With the General Manager’s meetings currently underway in Orlando and the Winter Meetings just around the corner, we are now neck deep in baseball’s Hot Stove League.

This off-season, rumors are already swirling concerning several of the Rays top players (Scott Kazmir, Delmon Young, Carl Crawford, etc.). While the chances of one of those players being moved is slim, the Rays are in the market for a shortstop with strong defensive skills as well as a starting pitcher and relief pitchers with pitching skills.

Therefore it is time for us to update our Tampa Bay Rays Trade Value Index (TVI)…

The TVI ranks every player on the current 40-man roster and the top prospects in the organization. Our goal is to determine which players in the organization are the most valuable to the team. Ultimately, when looking at the rankings, the question should be, if the Rays could only keep one of two players (A or B) from the organization, which player would the front office choose to keep. If the answer is player A, he would be ranked ahead of player B.

The rankings consider a number factors in addition to talent and good looks, such as potential, age, contract and depth of position in organization. This last factor comes into effect if one player is stuck behind another player with more ability. For example, Fernando Perez would be a little higher due to his exceptional speed and strong OBP, but loses a little value because he has bad hair, and some more value because the team has Rocco Baldelli, Carl Crawford, BJ Upton, Elijah Duke and Delmon Young ahead of him on the depth chart for outfielders. Another factor is team needs. A pitcher may be ranked ahead of a more “talented” fielder because the team has a stronger need for pitching at the major league level. (Please see the original TVI post for further explanation).

Feel free to tell us where we screwed up in the comments.

[More detailed notes about specific players, follow the Rankings]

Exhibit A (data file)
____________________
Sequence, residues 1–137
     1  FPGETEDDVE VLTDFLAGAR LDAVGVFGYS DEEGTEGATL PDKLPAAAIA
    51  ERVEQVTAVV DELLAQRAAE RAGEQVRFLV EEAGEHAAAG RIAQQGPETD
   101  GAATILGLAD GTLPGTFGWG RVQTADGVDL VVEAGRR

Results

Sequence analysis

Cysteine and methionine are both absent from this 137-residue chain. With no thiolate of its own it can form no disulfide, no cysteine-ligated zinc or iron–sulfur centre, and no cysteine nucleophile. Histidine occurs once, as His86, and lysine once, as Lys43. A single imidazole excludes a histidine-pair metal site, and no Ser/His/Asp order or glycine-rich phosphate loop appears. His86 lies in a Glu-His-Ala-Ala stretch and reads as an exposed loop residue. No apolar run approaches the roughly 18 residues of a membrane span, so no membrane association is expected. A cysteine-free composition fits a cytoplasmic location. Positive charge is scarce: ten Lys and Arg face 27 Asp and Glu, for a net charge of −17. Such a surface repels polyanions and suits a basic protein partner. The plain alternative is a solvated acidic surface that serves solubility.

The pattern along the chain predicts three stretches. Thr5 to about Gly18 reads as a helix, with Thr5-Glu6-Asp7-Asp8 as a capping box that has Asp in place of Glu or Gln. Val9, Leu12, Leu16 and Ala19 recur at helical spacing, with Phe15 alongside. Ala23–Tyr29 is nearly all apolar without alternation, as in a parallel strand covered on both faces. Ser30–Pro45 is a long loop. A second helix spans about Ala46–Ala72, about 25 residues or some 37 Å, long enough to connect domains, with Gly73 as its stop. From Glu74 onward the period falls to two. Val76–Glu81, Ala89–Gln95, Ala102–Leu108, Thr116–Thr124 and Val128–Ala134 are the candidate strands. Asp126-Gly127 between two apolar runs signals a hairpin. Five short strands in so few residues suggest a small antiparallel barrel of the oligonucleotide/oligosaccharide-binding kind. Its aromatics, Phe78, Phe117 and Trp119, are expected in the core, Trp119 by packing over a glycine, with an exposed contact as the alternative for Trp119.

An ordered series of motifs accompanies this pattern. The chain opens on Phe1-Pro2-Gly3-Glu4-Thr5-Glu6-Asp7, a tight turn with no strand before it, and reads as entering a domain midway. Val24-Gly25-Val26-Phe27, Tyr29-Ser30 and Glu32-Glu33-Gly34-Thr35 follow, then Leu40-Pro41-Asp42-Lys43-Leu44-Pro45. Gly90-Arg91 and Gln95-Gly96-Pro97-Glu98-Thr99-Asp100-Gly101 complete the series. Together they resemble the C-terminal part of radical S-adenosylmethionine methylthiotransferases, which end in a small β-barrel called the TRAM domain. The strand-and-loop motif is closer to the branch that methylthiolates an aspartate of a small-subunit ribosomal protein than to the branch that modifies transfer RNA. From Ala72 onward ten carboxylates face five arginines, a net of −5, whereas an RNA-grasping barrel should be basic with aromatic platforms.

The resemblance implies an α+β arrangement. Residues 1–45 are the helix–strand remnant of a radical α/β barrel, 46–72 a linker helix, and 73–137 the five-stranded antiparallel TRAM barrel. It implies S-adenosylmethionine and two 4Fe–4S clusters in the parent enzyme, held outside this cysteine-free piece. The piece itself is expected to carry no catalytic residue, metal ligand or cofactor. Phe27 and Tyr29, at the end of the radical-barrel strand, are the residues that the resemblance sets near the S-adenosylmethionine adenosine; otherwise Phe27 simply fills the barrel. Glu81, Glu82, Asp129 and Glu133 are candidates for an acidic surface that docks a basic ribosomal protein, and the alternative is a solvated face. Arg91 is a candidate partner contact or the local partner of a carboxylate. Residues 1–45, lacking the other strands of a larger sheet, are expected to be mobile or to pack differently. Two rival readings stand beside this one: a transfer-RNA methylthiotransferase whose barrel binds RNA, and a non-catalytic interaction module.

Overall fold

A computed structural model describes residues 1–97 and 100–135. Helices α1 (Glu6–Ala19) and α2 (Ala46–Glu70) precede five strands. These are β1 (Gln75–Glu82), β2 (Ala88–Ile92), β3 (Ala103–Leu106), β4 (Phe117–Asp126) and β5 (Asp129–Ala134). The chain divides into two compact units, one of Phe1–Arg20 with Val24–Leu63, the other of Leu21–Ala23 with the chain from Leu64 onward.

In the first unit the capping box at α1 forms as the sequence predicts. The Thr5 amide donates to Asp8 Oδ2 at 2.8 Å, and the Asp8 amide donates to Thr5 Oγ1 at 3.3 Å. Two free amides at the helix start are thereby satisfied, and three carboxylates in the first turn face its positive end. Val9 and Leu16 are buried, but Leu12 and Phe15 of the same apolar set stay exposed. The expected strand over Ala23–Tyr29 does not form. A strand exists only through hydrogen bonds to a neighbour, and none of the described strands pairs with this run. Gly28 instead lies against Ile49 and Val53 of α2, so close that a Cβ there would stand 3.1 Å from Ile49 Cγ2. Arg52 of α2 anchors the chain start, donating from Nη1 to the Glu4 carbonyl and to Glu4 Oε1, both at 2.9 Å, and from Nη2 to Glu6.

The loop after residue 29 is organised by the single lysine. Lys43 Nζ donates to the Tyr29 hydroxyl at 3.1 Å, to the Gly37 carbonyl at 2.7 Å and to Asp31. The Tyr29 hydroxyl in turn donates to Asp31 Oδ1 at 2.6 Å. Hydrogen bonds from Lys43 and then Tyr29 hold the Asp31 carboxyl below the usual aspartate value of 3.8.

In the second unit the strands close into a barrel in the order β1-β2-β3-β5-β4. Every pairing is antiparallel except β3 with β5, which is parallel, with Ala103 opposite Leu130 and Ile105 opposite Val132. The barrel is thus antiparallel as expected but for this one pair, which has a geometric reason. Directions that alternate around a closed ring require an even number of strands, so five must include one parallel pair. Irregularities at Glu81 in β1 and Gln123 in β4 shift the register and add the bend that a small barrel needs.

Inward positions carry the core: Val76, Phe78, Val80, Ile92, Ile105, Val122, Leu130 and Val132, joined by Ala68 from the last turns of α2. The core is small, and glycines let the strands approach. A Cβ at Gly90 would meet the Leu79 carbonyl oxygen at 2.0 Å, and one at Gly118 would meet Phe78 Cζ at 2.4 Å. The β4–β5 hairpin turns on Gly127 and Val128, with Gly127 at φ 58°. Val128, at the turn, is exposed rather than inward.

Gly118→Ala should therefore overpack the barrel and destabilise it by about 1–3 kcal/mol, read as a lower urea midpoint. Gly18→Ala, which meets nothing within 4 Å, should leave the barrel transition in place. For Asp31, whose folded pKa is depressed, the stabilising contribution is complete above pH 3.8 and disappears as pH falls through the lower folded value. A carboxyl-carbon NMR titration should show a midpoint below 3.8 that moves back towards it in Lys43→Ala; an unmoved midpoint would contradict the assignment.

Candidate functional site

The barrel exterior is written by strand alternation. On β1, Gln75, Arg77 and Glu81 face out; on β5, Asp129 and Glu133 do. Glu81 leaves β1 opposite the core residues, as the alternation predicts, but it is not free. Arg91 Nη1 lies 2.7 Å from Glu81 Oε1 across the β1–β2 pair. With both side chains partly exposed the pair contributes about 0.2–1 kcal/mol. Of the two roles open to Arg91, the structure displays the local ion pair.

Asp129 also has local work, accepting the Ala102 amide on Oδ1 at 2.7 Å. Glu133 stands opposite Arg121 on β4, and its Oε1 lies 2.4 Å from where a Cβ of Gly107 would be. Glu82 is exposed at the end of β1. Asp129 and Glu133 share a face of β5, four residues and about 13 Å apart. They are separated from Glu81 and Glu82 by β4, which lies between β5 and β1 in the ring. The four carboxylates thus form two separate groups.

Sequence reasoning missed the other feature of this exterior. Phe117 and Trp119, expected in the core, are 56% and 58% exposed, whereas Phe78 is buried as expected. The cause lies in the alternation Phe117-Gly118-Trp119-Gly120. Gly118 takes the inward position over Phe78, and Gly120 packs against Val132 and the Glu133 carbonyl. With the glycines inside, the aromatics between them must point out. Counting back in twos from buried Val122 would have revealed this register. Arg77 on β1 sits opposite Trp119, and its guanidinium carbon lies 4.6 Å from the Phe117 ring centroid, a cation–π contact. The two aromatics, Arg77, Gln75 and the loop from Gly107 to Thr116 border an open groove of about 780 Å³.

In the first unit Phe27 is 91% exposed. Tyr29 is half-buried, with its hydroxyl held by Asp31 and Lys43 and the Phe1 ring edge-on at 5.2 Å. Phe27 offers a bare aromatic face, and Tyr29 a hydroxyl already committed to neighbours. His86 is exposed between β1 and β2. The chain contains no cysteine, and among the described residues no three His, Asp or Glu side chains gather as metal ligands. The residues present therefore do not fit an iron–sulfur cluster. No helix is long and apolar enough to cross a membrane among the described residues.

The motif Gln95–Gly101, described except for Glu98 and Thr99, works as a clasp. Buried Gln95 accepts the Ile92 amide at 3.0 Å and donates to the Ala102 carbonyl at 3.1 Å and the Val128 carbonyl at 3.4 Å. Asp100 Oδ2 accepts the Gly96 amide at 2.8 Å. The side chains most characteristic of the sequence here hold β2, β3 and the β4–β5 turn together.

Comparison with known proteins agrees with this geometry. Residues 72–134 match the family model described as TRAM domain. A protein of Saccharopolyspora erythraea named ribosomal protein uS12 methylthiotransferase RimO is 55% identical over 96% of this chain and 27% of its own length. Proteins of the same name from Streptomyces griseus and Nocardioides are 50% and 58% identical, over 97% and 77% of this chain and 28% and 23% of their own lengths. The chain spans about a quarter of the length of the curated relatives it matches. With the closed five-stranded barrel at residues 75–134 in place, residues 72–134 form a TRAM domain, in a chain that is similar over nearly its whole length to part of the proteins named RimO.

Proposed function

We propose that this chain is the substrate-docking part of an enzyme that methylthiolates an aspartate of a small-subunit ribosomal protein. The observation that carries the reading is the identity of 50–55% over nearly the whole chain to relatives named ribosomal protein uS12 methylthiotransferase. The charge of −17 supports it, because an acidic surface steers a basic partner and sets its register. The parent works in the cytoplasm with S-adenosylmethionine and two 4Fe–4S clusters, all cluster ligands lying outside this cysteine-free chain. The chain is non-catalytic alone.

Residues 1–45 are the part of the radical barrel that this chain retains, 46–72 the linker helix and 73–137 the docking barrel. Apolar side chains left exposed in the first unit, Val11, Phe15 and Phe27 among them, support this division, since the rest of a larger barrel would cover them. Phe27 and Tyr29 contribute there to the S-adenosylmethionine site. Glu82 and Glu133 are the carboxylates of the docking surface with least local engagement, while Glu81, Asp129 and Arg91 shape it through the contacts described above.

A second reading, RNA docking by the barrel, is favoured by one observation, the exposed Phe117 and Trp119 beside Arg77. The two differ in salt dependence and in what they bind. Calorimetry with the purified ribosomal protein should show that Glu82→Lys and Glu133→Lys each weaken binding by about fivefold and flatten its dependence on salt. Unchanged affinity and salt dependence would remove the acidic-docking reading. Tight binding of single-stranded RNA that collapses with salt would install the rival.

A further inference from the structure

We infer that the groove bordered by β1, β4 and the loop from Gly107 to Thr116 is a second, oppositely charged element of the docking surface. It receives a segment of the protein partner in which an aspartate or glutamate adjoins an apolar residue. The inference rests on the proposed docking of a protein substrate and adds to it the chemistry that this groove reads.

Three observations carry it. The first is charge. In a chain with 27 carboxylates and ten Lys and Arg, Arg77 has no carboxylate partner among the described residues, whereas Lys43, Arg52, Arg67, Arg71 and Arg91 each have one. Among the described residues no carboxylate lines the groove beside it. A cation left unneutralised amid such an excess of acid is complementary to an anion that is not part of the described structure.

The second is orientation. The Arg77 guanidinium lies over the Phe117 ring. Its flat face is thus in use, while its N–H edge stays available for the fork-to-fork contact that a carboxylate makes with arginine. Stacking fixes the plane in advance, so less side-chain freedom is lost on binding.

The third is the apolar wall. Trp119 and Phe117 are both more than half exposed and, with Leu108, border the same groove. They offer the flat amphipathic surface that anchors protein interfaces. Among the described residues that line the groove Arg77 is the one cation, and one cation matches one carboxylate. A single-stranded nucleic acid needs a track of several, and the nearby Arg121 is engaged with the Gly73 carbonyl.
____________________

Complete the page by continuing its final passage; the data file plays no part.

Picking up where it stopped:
A couple of notes on the rankings…

  • Scott Kazmir retains his hold on the top spot, but now that he is arbitration eligible his lead over the rest of the field is narrower. James Shields along with his dominance, consistency, ability to work late in games and the fact that he is still a year from arbitration, brings him much closer to Kid K. Still, the fact that Kazmir is left-handed still gives the nod.
  • BJ Upton leapfrog’s Carl Crawford and Delmon Young and is now the most valuable hitter in the organization. Young may still end up the best of the trio, but questions remain about his power, his glove (not his arm) and his attitude after lashing out at Joe Maddon after the next-to-last game of the year in 2007. Still, barring a trade or the re-emergence of Rocco Baldelli or Elijah Dukes, the Rays outfield is set for at least the next three years.
  • We always hesitate to give a very high ranking to a player until they have proven themselves above A-ball. And now that Jake McGee has done that, the power lefty makes a big leap to #6. Edwin Jackson finally started to show some of the promise that scouts have long harped about in the second half of 2007. His arm alone gets him a spot in top 10, however, he needs a strong showing in 2008 (12 wins?) to remain an elite prospect. David Price has yet to throw a pitch as a professional, but his status as the top pick gets him a top-10 nod.
  • In the past, there has been a clear distinction between the top 5-6 players and the rest of the field. Now that top-tier includes the entire top-10. Despite his 40 home runs in 2007, Carlos Pena only comes in at #10 because he needs to show that there are no longer holes in swing to be found, he is arbitration eligible and of course his agent is Scott Boras, which means his cost is bound to go up, hurting his value.
  • Jeff Niemann remains an enigma at #11, just outside the top-tier. He has yet to show he can dominate at the minor league level and it is starting to look as if the big right-hander may be destined to be a back-of-the-rotation starter.
  • Rocco Baldelli and Elijah Dukes, both have the talent to be in the top-10, but each have their issues, hurting any value the two outfielders may have.
  • Al Reyes is still a valuable commodity as a proven veteran relief pitcher, but once the season begins, he will start losing value quickly as he is a free agent at the end of the season.